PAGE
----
For quickly turning snapshots into prints, the Optura can connect to any PictBridge-compatible printer. It also doubles as an SD/MMC card reader when you connect it to your PC--one push of the Print/Share button automatically transfers photos to your hard drive.
Canon supplies a corded lens cap, a 16MB MMC card, USB and A/V cables, a wireless remote, and manuals for both the camera and Canon's bundled software. The manual is excellent; it quickly directs you to the proper page for every feature and clearly explains it when you get there. As for the software, it's entirely for photos: Canon's usual ZoomBrowser EX, PhotoRecord, and PhotoStitch for Windows and ImageBrowser and PhotoStitch for Macintosh. Although there's no video-capture or video-editing software included, you can transfer video to your PC via USB 2.0--application permitting--and FireWire.
The Canon Optura 60 is something of a slow starter, taking nearly 10 seconds at power-up before it's ready to start shooting. That's a minor quibble; a bigger one is with the automatic exposure adjustment, which lags a noticeable second or two before adjusting from bright- to low-light settings. (This is a problem only if you move quickly from one environment to the other; the camera is sufficiently responsive with gradual transitions.) We also found the zoom a bit slow, though the upside to that is that the autofocus locks on to distant subjects with almost no delay. Indeed, we found the autofocus quite speedy and accurate overall--it rarely got hung up seeking a subject. On the photo side, we liked seeing one or more of the Optura's nine-point focus areas in the LCD. As with Canon's cameras, this system helps tremendously in capturing properly focused images.
The LCD itself is a small but impressive display. The 2.5-inch screen looks bright and colorful even under direct sunlight, and better still if you engage the backlight. Of course, its 4:3 aspect ratio means you'll have to contend with letterboxing when shooting in wide (16:9) mode. The camcorder's stereo microphone, mounted just below the lens, did an excellent job recording sound both in front of and behind the camera, but it also managed to pick up the whine of the tape transport. Nor did its electronic windscreen filter significantly reduce wind noise on a moderately breezy day.
We also found the Optura's auto-off feature a bit annoying. When it engages (after five minutes of inactivity, a setting you can't modify), the camera beeps intermittently for about 30 seconds, then beeps even louder before finally turning off. Canon claims the Optura's included battery should give you about 80 minutes of continuous recording time while using the LCD--though that number is cut nearly in half for typical operation (zooming, starting and stopping, and so on). Our informal tests support these ratings, so you should definitely pack an extra battery or two--or one of Canon's extended-life cells, which promise up to three hours of continuous shooting.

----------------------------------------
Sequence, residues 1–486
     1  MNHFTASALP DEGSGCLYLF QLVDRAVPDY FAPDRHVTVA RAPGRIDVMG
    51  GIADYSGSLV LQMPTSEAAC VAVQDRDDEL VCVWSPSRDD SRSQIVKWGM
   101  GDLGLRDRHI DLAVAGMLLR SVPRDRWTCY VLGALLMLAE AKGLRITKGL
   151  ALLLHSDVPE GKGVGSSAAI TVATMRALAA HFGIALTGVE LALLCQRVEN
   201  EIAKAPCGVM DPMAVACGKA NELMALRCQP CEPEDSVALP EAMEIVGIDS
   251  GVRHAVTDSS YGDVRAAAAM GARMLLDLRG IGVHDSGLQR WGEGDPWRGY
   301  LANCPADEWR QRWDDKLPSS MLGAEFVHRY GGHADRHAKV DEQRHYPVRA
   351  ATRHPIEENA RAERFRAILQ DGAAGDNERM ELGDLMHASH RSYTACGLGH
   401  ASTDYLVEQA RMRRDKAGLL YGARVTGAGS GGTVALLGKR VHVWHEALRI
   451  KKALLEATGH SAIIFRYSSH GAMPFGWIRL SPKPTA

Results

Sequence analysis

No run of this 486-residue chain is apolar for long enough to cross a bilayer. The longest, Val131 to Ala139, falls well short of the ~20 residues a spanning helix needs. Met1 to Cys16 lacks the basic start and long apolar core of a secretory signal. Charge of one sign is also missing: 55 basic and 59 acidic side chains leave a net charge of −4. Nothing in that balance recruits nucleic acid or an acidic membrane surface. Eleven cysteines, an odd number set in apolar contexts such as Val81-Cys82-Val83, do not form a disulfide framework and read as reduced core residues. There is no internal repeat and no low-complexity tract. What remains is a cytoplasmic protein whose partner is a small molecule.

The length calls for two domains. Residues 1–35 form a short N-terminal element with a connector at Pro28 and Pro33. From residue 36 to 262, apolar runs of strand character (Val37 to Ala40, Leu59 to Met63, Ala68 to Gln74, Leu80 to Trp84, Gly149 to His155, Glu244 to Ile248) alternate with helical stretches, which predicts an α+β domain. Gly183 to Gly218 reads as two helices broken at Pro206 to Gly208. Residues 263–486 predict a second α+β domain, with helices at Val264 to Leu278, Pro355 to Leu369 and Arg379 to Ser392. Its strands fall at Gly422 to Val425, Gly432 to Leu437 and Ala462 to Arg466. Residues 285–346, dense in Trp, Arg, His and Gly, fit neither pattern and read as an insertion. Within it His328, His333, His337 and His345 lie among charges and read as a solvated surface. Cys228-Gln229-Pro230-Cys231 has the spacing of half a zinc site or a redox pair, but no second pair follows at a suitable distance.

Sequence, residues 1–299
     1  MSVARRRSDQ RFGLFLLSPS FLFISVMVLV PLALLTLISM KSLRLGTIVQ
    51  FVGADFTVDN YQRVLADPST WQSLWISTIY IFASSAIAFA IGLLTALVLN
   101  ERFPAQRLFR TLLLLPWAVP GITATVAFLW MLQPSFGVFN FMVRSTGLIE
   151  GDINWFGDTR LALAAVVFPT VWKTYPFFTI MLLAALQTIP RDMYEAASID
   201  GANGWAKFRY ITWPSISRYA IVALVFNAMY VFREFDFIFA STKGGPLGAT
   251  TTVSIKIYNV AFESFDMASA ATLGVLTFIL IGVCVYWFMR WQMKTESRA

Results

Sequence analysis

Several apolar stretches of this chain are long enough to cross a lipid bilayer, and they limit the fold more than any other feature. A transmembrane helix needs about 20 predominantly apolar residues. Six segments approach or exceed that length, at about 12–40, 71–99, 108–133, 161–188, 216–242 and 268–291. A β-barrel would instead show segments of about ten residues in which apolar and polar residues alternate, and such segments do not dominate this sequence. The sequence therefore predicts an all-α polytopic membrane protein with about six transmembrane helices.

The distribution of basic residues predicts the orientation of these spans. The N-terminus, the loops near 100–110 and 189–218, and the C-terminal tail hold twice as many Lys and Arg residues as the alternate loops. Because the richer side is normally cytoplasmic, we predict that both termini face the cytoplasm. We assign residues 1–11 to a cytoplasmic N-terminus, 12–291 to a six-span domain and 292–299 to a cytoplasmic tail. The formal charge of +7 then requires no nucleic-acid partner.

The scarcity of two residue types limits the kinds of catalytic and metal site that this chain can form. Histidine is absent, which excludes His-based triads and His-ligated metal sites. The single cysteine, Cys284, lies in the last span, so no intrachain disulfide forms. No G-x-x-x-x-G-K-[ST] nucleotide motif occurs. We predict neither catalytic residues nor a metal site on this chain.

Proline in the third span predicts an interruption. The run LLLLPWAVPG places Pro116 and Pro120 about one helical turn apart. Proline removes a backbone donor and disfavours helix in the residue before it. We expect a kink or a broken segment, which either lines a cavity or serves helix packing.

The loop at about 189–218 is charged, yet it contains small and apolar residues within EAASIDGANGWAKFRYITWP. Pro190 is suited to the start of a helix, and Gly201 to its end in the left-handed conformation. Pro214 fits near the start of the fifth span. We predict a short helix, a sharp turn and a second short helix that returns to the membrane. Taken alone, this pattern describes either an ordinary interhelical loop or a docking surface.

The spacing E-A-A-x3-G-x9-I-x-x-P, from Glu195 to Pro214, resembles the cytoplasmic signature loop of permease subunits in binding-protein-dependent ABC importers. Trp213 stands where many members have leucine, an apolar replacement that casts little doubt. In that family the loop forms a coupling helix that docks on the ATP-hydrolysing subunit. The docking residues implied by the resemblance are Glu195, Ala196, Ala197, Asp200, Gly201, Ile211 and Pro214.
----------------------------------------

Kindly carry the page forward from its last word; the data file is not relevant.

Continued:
As we've seen with other Canon camcorders, the Optura 60 renders crisp, beautiful color in outdoor and well-lit indoor environments. However, despite the inclusion of a large CCD, the Optura just can't hack it when the lights are low. If you're shooting in, say, a dimly lit room, expect a fair bit of color noise in your video. If you're trying to capture some nighttime footage, avoid Super Night mode, which produces horribly blurry, jerky results unless you use a tripod and film a stationary subject. We experimented with several different modes and settings, and the results were largely the same: lots of noise or lots of blur--sometimes both.
Unfortunately, the Optura has a slight problem in brightly lit settings as well. In Auto mode, it blows out highlights. When shooting the horizon on a clear day, for instance, the light-blue sky appeared almost white. Yellows in particular appeared overexposed. Picky shooters will want to take advantage of the manual exposure controls for these situations. In all circumstances, we also noticed a fair bit of edge crawl.
As for photos, the Optura can easily suffice as a vacation snapshooter, though its 2.2-megapixel resolution will serve you best if you stick to 4x6-inch prints. Perhaps unsurprisingly, we noticed many of the same traits in our snapshots that we did in our video: nice color, clean edges, slight overexposure, and noise in low-light shots (though the flash helps with portraits). There was also a hint of purple fringing around the edges of shadows.
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